Why Cats Are Frusrating

This article assumes that you want to understand cats and would like to live in your home harmoniously with them.

Cats may frustrate some dog lovers because, well, they are small animals: they “should” act like pets, i.e., they should “appreciate” what you do for them the way dogs seem to. They should “love” you unquestioningly, dammit! You give them food and shelter, so they darn well better appreciate it, right?

Actually, you might know already that the “love” you see in your dog’s eyes is really not love for you, it’s a plea for acceptance by you. You are the leader of its “pack”. You may notice that your dog acts like this with pretty much anybody in the family, but this behavior actually comes from the dog’s heritage. Dogs, as we all know, were originally bred and domesticated from wolves, and the behavior and instincts that your pet dog has are very similar to those of the wolf cub.

Dogs are really wolf pups that never grew up.

They bark, which is characteristic of the wolf pup as it calls its mother, or members of the pack. Mature wolves have no “bark” because as they grew up and their basic nurturing needs were met, they no longer needed the bark, and they actually, hairless car for sale as predators, need to be silent as they approach their prey.

The only noise that mature wolves display is the baying often heard at night in the northern areas of the continent, as they call to other members of their pack.

Back to cats: The first thing one has to accept about cats if they are ever going to take on the responsibility of owning one is that they cannot help being cats!

Repeat: A cat CANNOT HELP being a cat!

What do I mean? Well, the complex behaviors that cats display are identical to the ones found in their wild counterparts. For example, I’m sure you’ve seen as a cat “sneaks up” on a toy and pounces-this is the exact skill that a cat needs to hunt its prey. Now, domestic cats seldom need to hunt, however, they won’t ever lose this instinct. And cats are simply not intelligent enough-intelligent though they are-to learn to behave in any other way than cats do. Sounds pretty simple, but it’s amazing how many people I run into who forget this.


They are not “sneaky”, they are not “aloof”, they do not “try to make you angry”. They do not need these traits, therefore, they don’t have them. I know you are going to say I’m crazy to make these statements, but no, a cat does not have the human intelligence and motivation to do these things. One MUST understand these things in order to understand the cat.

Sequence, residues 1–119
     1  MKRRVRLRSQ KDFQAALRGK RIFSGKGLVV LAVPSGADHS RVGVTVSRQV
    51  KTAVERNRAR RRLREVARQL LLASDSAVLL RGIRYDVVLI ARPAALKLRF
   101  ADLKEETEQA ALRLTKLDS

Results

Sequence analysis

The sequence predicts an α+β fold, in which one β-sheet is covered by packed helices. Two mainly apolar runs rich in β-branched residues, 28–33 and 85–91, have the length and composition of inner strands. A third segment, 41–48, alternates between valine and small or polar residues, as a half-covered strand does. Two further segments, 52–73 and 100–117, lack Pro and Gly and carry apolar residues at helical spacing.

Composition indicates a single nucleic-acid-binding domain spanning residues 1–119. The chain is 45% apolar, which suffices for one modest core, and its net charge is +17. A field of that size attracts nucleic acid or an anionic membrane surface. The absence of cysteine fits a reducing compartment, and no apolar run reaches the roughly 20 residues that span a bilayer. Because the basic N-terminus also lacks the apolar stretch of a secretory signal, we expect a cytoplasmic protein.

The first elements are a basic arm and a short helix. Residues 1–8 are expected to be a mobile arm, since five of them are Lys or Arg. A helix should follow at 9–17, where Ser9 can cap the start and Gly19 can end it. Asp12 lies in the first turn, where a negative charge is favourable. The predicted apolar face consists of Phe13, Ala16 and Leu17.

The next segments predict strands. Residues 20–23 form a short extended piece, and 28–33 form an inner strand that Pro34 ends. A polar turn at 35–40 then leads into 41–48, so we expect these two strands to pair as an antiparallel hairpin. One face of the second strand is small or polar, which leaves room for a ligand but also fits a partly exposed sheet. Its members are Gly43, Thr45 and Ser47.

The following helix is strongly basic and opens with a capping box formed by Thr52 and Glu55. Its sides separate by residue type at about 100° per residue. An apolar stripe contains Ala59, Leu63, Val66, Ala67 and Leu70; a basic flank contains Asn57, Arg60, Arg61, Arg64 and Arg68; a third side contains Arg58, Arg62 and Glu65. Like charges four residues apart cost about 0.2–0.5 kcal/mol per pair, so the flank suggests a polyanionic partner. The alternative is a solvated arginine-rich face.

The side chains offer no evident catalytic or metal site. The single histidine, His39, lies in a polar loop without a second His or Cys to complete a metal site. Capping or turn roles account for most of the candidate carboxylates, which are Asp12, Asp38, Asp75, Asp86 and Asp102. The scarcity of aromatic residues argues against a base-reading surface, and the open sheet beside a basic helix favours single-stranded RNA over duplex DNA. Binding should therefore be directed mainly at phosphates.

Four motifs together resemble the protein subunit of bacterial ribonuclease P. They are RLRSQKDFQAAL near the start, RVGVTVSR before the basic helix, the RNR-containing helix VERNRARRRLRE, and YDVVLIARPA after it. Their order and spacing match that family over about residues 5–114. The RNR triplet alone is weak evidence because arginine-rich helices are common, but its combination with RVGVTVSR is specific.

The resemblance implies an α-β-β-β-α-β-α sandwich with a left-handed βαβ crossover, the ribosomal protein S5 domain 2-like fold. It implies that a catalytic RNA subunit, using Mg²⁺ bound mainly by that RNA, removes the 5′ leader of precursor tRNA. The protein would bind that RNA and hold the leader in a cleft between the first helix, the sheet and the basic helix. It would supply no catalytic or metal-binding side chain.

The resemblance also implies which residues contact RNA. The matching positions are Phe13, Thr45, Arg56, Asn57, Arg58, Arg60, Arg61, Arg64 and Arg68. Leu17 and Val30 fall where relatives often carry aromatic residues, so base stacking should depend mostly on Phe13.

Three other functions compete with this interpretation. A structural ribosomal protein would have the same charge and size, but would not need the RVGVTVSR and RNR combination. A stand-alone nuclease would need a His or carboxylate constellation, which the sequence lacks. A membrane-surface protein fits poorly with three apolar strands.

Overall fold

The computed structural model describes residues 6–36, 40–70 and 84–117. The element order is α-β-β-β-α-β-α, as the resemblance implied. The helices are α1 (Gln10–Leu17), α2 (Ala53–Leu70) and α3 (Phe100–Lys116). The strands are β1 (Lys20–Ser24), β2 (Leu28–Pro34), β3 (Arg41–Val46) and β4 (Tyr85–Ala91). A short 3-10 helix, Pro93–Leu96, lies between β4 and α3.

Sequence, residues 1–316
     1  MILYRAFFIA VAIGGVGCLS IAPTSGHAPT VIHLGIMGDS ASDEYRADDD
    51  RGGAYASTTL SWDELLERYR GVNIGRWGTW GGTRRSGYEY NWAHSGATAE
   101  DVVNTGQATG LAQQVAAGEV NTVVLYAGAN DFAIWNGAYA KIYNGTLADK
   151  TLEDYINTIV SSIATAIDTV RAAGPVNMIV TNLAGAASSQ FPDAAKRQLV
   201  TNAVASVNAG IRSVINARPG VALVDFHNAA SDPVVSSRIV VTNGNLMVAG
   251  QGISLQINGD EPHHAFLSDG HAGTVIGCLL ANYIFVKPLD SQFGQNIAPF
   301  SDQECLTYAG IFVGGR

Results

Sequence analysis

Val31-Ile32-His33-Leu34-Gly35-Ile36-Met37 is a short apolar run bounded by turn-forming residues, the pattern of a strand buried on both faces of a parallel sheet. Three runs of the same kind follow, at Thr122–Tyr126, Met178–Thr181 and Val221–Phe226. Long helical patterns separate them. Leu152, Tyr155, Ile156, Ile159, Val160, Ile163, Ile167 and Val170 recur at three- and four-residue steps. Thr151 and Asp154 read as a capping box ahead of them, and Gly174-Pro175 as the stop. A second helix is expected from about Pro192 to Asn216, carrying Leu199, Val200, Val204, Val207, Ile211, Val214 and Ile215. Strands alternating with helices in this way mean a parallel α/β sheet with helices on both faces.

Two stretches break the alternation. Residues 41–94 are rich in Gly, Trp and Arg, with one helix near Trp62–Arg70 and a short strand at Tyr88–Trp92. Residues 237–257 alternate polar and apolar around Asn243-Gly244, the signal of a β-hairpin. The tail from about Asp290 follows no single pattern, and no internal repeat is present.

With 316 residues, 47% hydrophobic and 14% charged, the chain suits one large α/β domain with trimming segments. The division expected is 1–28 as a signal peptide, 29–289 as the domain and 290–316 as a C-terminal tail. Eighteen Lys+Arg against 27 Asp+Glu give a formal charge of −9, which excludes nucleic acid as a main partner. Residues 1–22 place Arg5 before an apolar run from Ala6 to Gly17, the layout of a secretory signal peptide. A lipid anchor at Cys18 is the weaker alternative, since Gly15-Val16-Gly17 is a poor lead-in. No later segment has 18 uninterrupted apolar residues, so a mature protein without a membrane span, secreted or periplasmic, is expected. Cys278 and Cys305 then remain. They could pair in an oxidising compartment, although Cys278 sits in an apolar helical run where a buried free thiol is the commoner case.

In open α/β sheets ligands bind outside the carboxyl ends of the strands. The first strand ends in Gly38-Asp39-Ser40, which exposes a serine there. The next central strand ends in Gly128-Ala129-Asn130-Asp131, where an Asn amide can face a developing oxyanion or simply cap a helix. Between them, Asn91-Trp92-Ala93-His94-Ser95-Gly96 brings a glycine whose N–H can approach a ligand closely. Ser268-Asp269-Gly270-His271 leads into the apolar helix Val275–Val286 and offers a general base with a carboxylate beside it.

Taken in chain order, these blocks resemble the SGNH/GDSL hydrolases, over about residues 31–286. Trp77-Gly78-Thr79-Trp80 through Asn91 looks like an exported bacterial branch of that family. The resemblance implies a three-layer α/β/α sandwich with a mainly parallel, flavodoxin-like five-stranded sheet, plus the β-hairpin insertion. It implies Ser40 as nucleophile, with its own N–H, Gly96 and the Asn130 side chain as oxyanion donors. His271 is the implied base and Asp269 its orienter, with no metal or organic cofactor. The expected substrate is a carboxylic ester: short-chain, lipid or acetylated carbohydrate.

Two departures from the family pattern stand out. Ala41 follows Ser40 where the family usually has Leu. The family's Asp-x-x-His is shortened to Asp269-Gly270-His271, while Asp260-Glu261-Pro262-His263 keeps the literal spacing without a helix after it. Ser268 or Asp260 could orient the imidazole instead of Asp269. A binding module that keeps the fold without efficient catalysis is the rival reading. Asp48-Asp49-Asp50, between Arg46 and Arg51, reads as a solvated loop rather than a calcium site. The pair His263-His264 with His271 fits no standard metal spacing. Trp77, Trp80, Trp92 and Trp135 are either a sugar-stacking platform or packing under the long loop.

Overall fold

OK, here’s a scenario: The cat jumps up onto the counter. (Cats actually instinctively want to be in the highest places they see in order to survey their territory.) But, you do not want your cat on the counter so you hiss or yell at the cat to get it the heck OFF the counter. The cat jumps down, startled.

You exit the kitchen, and when you come back in, there’s the darn cat, right back on the counter! Didn’t you JUST tell it to GET OFF?

OK, now, keeping in mind that cats are NOT HUMAN, and therefore do NOT have human emotions; and are not “sneaky”, we have to take this logically: You startled the cat off the counter. The cat knows only that you startled it off the counter. And that’s all!

Wait a minute-the cat not only is on the counter when you come back, but jumps off when it sees you. Right? That obviously means the damn thing is sneaky, right? Wrong! The cat only knows that you startled it off the counter. The cat does not “think”: ” Oh-oh, he doesn’t want me to ever be on the counter, even when he isn’t in the room, but I’m going to try to get away with being on that counter when he leaves.

Screw him!”

Can you see how this is not only attributing to the cat human behaviors- of which it’s not even capable, but further: that it has the ability to reason; to think abstractly, something a housecat is decidedly unable to do. Instinct is the primary drive in cats. Repeating:

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